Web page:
The cruise ship isn’t the only thing that resonates those getaway vacation experiences and emotions. Mario Party 7 constantly dons a creative and consistent thematic appearance that is far more recognizable than any of the haphazard approaches its predecessors retained. Rather than focusing on the same character or expected level themes for boards the titles usually play it safe with (grass, snow, lava, etc.), 7 tackles distinctive real-life inspired locations that have been blended into the Mario formula. Whether it’s a New York City skyscraper turned into a film set, an ancient Chinese mountain above the skyline, or grassy plains and hills from the Netherlands, Mario Party 7 is always doing the most it possibly can to keep you attached to its consistent idea of world-hopping by traveling across the ocean. It achieves this so efficiently that going from a pyramid theme park to a lava drenched rollercoaster manages to feel natural and at home with the rest of its exotic board locations- and do not even get me started on the fantastic orchestrations accompanying the maps.

Pegoda Was Indeed The Peak

What the game did most efficiently was cleaning up the core mechanics that the previous console entries had introduced. 7’s goal was clearly to stick to the traditional Mario Party formula that worked best on the Nintendo 64 and GameCube. It does not try and mess with new gimmicks like the day and night cycle or create completely linear maps that lack a variety of events. Playing it safe worked best as the entry was able to refine and solidify the aspects and ideas players enjoyed most with its predecessors. Creating entertaining boards, having catchy music, a constant slew of fun minigames, and a sense of reliance on strategy is where the title excels. The game intricately establishes a risk and reward order of decisions that can start before you even touch your first minigame. Mario Party 7 respects your time and wants the player to understand that every minute with careful thinking can come with a potentially more valuable reward.

The strategic complexity of the Mario Party series peaked with 7 as the mere act of choosing a character became the first step in a long path of consequences. Hitting a dice block to decide who goes first was no longer the first step to securing your victory. Each character in the cast of twelve had specific orbs dedicated to them that could help accommodate or ruin a player’s approach to planning ahead. Specialized character orbs obtained during the game could decide whether you would be breezing through extra dice blocks, stockpiling bonus coins, or stealing items from other players. Choosing who you were going to play as and what board you were playing on with friends were decisions intertwined with creating a needed pre-game plan to succeed. The way in which orbs were overhauled completely altered the way in which players could approach this entry. The game was already afoot for those most knowledgeable before it could even begin which ultimately created a more exciting and competitive atmosphere for those who thoroughly studied and learned its mechanics.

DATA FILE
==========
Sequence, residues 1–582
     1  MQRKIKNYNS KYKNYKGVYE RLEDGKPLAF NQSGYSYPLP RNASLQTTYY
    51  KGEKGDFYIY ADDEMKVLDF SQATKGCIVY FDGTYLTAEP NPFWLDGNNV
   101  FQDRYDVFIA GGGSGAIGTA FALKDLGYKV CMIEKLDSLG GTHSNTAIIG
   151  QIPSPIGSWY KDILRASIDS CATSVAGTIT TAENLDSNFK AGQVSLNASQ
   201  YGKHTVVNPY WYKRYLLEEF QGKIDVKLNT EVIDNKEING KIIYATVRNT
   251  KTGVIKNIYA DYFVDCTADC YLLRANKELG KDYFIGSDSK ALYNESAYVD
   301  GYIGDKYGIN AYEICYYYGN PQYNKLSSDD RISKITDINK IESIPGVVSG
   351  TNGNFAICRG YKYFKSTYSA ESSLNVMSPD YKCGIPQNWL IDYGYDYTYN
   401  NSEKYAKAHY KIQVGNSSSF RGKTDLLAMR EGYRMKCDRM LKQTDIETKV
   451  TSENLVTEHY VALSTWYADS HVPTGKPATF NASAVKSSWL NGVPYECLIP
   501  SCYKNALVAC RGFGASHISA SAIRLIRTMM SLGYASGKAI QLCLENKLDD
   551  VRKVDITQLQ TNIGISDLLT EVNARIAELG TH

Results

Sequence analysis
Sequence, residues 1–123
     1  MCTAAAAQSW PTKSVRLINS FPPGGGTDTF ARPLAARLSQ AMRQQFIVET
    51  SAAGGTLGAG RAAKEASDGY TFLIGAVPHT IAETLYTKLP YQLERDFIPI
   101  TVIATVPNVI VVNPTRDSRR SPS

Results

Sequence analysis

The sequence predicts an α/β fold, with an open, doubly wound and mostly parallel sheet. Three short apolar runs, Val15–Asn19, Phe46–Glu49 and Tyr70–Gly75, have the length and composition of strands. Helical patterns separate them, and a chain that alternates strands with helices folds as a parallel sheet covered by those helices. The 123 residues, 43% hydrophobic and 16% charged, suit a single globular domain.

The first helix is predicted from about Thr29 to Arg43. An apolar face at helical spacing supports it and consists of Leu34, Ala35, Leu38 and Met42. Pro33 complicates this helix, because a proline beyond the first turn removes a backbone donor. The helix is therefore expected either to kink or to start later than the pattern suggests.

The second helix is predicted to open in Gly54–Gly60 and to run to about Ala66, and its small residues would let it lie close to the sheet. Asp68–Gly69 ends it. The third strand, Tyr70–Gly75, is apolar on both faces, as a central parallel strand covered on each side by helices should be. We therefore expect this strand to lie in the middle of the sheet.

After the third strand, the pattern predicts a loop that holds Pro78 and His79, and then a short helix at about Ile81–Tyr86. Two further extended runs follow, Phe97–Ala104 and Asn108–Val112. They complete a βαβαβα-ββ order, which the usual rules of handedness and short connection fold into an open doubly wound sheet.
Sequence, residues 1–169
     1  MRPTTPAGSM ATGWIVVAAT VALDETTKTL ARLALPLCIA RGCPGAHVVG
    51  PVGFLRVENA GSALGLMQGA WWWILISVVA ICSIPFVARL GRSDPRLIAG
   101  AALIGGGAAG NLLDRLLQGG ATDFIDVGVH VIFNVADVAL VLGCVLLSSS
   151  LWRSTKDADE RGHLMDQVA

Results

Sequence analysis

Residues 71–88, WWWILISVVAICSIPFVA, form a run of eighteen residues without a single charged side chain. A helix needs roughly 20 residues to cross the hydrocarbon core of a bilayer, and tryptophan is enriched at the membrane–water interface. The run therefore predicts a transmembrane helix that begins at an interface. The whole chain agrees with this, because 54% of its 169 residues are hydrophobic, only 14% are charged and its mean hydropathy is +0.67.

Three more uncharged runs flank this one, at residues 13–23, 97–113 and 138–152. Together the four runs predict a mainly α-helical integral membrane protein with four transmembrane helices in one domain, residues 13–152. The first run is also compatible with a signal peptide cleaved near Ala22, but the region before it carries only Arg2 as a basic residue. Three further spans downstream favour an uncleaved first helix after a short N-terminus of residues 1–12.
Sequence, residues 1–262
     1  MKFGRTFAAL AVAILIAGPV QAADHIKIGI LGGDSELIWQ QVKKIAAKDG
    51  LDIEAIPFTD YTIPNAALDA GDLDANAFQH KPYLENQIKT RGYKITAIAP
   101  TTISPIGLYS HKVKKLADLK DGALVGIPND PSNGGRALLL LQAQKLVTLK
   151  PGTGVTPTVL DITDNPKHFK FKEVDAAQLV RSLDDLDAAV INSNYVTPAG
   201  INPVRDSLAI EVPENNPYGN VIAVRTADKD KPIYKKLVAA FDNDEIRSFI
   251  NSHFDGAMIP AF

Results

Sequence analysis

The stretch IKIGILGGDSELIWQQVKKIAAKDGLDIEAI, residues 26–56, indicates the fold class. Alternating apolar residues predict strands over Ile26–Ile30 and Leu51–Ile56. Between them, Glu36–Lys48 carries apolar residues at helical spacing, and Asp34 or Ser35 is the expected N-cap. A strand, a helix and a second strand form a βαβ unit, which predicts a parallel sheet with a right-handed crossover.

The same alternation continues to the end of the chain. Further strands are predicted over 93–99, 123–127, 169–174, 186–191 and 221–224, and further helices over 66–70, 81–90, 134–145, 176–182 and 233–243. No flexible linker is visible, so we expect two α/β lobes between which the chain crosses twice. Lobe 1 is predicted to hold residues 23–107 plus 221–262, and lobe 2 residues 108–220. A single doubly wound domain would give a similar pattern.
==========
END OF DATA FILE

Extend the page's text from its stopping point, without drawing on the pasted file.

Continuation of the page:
The distinctiveness of Mario Party 7 did not just stop there though. It was the only entry in the entire franchise to introduce multiple ways of experiencing boards and mini-games through several dedicated alternate modes. Deluxe Cruise has been the only instance where eight players could participate in a single Mario Party match- though the feeling was artificial as it was split into teams of two where pairs would share a singular controller, but in turn, it then arguably introduced a new form of cooperation. Minigame Cruise allowed players to select how they would experience playing minigames through multiple competitive modes, whether that be through something akin to a tournament where players would climb a waterfall or a simple score counter featuring a submarine esthetic. It was the last ever Mario game where the mainstay spinoff cast of the original Koopa Kid quadrilogy and microphone minigames would make an appearance.